Senate Panel backs redistricting rules change

Associated Press State Wire: Kentucky (KY) - Wednesday, March 14, 2012
Author: RANDY PATRICK - Associated Press

A Senate committee has unanimously approved a bill that calls for a constitutional amendment to allow lawmakers to divide more counties in redistricting. 

The bill by Senate Majority Leader Robert Stivers, R-Manchester, would apply to redistricting following the 2020 census if it passes the legislature and voters approve it at the polls. The Senate State and Local Government Committee on Wednesday passed the measure by a 9-0 vote. 

Limits on the number of counties permitted to be divided complicated redistricting this year. In February, the Kentucky Supreme Court ruled that legislative candidates would have to run in their old districts in November because newly redrawn districts were unconstitutional. 

Redistricting occurs every 10 years to account for population changes. Between 2000 and 2010, Kentucky's population grew from 4 million to 4.3 million, requiring new legislative and congressional district boundaries. 

Federal law requires that districts be nearly equal in population, with a variation of no more than 5 percent. But legislators say it's hard to comply with that requirement and a state constitution provision that redistricting divide as few counties as possible. 

''We cannot, at this point in time, abide by or conform to Section 233 (of the Kentucky Constitution),'' Stivers said. 

Stivers' bill would allow legislators to divide any county when ''reasonably necessary'' to achieve the equality requirement, provided that a county first be given as many districts that are entirely contained within the county as it has the population to handle before adding parts of contiguous counties. The number of divisions within any county must be kept to a minimum. 

He gave as an example Jefferson County, which has a population of about 700,000. Because Senate districts consist of about 114,000 people, he said, the county would have to have at least six wholly contained Senate districts before parts of any other counties could be added to make a district. In a less densely populated county such as Laurel County, legislators ''could not cut it up five ways,'' he said.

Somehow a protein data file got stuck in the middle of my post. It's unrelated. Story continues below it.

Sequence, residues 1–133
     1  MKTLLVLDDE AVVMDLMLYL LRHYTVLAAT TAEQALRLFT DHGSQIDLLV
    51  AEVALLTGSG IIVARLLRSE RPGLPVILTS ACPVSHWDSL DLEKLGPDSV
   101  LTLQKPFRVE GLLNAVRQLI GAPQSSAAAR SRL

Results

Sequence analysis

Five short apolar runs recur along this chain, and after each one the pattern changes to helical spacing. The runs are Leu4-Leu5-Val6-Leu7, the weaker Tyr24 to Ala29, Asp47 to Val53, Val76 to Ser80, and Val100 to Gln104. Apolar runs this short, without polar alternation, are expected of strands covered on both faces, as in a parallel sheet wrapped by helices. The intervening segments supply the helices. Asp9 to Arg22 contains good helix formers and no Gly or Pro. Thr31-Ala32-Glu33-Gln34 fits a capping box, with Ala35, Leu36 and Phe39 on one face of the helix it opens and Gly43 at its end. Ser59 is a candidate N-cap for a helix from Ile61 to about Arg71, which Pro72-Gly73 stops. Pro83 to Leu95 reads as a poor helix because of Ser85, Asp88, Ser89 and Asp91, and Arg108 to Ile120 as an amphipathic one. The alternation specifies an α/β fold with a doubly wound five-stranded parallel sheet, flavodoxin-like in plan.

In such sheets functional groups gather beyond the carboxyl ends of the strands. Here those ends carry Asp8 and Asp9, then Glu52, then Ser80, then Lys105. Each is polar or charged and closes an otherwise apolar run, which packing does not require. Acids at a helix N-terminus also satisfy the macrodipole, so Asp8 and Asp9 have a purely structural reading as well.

Stivers noted that a legislative map proposed by Senate Minority Leader R.J. Palmer, D-Winchester this year would have divided Ohio County. ''Under this scenario, that plan would have been constitutional,'' he said. 

Stivers' bill also would require legislators to remain in session without pay if they don't finish redistricting by April 15, when the session ends, according to the state constitution. 

Sen. Gerald Neal, D-Louisville, voted for the measure, but said a more comprehensive approach is needed. 

''The problem I have with your legislation is that it doesn't go far enough,'' he said. ''It seems to me that what we really need is to take politics out of the redistricting process or at least not be guided by that.'' 

Neal suggested the creation of a nonpartisan committee that would draft a legislative redistricting plan without regard to political considerations and recommend it to the General Assembly. He said he has proposed legislation that he would like Stivers to incorporate into his bill ''at some point.'' 

Also during Wednesday's committee meeting, members voted 6-2 in favor of a proposal that would give the legislature the authority to review and either approve or disapprove administrative regulations. 

Neal spoke against that measure, describing it as an infringement on the doctrine of the separation of powers. But Sen. Damon Thayer, R-Georgetown, said it was needed to ensure that the executive branch follow the intent of the legislature, which makes the laws.